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3-on-3: Champions need “if” game in charity basketball tournament

Luke Modrovsky, Sports Editor

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WILKES-BARRE — Team Ball So Hard was faced with adversity in the first annual 3-on-3 basketball tournament hosted by Supporting Autism and Families Everywhere (SAFE).

The tournament, held at the Arnaud C. Marts Center at Wilkes University, featured 15 teams competing in a double elimination style bracket.

Trailing 19-14 in the winner bracket final, Wilkes senior Mason Gross tried lift his team to victory, as a win would put Team Ball So Hard directly in the final.

Gross cut the lead to one with an and-one free throw, but it would be Juan Delarosa of Hazleton to end the game, sending Team 3-Point Shooters to the finals.

Team Ball So Hard would win the loser bracket final to set up a rematch with Team 3-Point Shooters. In order to win the championship, Team Ball So Hard needed to win twice.

And did they ever.

After being defeated 21-17 just an hour ago, Team Ball So Hard took both championship games, including the “if” game to claim the tournament title.

Championship game number one featured a closer affair, but Team Ball So Hard would never trail. Gross scored a game-high of 10 field goals to force a final and deciding game.

In the second contest, a Gross layup gave his team a quick 1-0 lead, but a Angel Lopez shot from outside the arc took it away just as fast giving Team 3-Point Shooters a 2-1 lead.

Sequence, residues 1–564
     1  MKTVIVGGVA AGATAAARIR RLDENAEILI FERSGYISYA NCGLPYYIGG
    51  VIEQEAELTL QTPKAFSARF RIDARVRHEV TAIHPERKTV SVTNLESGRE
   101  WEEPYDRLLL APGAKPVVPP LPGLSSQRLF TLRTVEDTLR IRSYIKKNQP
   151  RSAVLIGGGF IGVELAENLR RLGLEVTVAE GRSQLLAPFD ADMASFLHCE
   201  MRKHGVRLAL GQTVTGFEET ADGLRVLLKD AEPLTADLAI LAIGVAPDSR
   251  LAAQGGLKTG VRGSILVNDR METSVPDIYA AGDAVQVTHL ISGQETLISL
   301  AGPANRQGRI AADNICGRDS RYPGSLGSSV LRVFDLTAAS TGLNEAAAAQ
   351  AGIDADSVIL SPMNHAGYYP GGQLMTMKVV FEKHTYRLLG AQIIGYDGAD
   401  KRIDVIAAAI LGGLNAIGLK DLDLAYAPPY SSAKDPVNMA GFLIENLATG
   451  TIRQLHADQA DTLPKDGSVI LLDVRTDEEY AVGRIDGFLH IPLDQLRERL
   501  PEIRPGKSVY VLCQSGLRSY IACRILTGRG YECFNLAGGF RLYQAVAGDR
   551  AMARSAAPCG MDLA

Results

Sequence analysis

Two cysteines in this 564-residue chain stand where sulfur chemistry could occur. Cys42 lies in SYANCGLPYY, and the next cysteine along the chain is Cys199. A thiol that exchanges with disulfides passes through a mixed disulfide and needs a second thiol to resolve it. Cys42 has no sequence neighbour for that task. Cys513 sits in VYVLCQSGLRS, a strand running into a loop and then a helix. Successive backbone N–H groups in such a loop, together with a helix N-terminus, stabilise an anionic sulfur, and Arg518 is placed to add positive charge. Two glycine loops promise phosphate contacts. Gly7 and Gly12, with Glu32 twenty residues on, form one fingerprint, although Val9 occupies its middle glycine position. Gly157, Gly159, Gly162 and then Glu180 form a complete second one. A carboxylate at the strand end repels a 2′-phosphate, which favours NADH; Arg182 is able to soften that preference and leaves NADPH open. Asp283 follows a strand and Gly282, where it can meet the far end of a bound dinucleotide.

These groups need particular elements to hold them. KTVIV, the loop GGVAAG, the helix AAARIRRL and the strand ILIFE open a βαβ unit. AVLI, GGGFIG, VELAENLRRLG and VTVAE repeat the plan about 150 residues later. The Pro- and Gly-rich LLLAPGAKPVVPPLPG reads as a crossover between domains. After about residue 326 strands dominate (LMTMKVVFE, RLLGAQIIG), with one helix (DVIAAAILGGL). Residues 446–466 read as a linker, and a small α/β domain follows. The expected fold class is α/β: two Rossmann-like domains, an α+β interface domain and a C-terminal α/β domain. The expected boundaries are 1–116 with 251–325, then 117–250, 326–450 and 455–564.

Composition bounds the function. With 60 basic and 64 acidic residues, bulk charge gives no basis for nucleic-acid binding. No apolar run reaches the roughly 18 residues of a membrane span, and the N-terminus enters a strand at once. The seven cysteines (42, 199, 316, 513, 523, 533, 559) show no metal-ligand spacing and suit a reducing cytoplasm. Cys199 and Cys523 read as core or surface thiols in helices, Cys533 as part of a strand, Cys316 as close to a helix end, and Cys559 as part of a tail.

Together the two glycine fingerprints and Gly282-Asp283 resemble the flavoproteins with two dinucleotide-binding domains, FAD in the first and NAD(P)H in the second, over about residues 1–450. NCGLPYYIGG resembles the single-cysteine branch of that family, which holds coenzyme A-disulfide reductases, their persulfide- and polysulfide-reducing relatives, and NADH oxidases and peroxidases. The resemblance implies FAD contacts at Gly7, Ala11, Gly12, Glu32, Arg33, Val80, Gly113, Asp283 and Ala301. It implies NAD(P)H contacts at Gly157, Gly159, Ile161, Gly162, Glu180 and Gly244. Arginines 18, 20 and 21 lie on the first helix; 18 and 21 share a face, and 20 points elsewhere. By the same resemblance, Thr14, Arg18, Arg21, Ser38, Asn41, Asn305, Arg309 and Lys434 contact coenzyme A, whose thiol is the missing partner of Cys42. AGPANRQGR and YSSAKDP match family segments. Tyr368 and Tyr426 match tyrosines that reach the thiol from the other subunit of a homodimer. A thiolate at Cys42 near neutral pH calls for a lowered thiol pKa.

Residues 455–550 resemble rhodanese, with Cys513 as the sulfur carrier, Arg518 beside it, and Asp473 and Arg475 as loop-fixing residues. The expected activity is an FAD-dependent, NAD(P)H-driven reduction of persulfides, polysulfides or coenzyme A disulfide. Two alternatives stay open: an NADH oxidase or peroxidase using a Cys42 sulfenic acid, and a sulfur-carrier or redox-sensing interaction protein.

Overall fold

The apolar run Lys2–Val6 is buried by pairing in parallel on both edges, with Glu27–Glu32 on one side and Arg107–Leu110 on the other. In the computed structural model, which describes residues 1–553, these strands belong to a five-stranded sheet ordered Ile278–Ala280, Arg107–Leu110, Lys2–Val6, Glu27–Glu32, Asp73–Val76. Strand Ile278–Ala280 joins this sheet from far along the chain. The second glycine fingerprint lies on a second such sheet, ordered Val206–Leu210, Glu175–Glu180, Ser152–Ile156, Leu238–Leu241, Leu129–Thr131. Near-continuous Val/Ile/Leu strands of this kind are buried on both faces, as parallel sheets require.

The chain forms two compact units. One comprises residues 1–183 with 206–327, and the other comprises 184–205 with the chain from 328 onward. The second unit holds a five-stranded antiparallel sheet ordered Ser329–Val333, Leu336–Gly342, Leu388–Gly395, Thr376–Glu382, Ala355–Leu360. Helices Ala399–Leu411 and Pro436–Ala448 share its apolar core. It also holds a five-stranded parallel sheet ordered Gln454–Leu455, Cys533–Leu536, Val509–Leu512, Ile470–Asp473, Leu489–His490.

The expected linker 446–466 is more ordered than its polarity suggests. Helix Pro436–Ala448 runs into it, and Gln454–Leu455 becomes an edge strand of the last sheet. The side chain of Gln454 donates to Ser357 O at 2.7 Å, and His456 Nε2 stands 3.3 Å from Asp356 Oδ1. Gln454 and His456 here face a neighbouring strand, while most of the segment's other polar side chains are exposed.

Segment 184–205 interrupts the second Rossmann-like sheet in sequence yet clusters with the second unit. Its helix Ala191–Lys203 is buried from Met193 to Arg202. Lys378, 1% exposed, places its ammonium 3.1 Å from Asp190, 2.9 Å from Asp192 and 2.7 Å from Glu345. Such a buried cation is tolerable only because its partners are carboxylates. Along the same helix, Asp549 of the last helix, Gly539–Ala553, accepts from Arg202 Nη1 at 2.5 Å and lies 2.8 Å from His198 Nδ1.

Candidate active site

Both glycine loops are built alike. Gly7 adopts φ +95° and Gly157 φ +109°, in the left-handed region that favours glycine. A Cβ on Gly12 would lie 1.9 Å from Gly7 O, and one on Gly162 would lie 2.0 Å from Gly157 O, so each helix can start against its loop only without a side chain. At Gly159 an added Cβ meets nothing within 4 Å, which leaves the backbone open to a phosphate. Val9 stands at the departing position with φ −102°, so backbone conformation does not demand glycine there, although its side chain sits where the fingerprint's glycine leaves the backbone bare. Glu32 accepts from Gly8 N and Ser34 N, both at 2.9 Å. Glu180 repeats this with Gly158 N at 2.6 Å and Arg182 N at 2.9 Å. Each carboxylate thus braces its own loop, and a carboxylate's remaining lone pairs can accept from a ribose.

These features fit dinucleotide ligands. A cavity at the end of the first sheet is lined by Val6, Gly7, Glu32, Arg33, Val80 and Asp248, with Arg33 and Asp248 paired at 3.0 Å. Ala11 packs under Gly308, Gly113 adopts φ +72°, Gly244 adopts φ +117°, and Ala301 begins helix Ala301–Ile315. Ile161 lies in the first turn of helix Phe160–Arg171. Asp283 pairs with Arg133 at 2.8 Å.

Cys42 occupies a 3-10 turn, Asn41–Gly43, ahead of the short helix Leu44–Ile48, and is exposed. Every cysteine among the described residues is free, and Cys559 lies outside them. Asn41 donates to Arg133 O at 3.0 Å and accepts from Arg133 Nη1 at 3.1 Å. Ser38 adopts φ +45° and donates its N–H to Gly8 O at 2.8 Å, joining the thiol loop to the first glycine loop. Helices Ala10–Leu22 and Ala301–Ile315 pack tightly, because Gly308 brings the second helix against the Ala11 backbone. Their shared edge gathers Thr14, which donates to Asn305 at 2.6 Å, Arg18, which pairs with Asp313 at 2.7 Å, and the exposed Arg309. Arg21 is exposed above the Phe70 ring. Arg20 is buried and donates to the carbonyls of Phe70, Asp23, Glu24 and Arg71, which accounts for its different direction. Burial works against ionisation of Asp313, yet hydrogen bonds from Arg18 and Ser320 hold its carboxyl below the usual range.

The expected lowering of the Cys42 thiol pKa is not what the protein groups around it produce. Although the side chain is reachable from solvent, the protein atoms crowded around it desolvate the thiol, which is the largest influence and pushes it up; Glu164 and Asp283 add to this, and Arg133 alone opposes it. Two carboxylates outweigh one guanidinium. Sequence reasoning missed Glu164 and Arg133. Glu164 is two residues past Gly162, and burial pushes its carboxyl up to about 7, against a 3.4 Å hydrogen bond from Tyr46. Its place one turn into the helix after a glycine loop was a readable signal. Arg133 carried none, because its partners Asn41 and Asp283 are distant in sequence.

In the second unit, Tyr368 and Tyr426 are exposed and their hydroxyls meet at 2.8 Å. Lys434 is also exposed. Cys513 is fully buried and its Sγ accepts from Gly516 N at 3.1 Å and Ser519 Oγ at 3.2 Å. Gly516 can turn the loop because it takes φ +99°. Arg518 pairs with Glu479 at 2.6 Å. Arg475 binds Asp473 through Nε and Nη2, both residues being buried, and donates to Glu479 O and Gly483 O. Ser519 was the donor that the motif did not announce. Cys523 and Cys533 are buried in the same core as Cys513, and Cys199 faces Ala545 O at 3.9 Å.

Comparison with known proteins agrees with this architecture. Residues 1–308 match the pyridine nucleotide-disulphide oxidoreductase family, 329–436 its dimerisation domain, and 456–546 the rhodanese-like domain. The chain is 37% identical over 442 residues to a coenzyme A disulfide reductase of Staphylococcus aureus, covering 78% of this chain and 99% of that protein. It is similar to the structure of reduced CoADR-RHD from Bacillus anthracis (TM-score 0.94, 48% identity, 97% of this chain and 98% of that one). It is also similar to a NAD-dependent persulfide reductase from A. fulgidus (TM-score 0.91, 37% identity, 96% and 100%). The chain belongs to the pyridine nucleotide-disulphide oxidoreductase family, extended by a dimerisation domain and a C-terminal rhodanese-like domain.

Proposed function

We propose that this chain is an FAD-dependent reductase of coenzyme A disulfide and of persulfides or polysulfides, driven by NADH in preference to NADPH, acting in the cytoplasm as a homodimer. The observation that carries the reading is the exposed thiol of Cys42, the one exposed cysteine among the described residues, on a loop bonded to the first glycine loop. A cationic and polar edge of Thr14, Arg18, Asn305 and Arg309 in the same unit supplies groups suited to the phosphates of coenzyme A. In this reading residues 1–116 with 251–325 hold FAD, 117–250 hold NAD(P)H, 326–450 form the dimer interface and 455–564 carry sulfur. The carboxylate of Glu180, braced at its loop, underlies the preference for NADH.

Tournament rules counted regular two-point as one point and shots from beyond the three-point line as two.

Back-to-back scores by Wilkes junior Zach Walser gave Team Ball So Hard a lead they would never look back from, as they rolled to a 21-9 victory.

Champions Team Ball So Hard consisted of Gross, junior Zach Walser and freshmen Christie Challenger and Kristie Najdek.

Second place finishers Team 3-Point Shooters consisted of Delarosa, Lopez of Hazleton, Chris Cabrera of Hazleton and Jessica Garrison of Wilkes-Barre.

Garrison carries playing experience from NAIA Division II Spring Arbor in Michigan. She added a pair of shots from beyond the arc in both championship games, as well as several key shots in the team’s win in the winner bracket final.

The Michigan product is a social worker locally, as well as an assistant coach on local high school G.A.R.

All the proceeds from the event were raised for SAFE. The organization to use the money to aid the local Autism community through things like art classes, swimming lessons, and many other activities.

Lindsay Dragon, organizer of the event, is a mother of two who has a close tie to Autism as her oldest son, 4-year-old Jackson, is diagnosed with a severe form of the disease.

“I have a degree but it feels like I’m back at school,” said Dragon when discussing what it is like having to take care of her oldest son, “he changes the way we see life.”

With Jackson being Lindsay’s motivation for having this event, how it all came into fruition was unique as well.

Dragon notes that when it comes to having events to help out families whose children have autism, it is often difficult to get the whole family involved.

“Basketball is a great way to get the younger generation involved,” said Dragon.

The younger generation was certainly involved as members Wilkes men’s basketball, women’s basketball, field hockey, football, men’s soccer, men’s volleyball and women’s volleyball were all represented. They volunteered for the event in various roles, such as participating in the actual tournament, working the concession stand as well as selling event t-shirts and theme basket tickets.

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3-on-3: Champions need “if” game in charity basketball tournament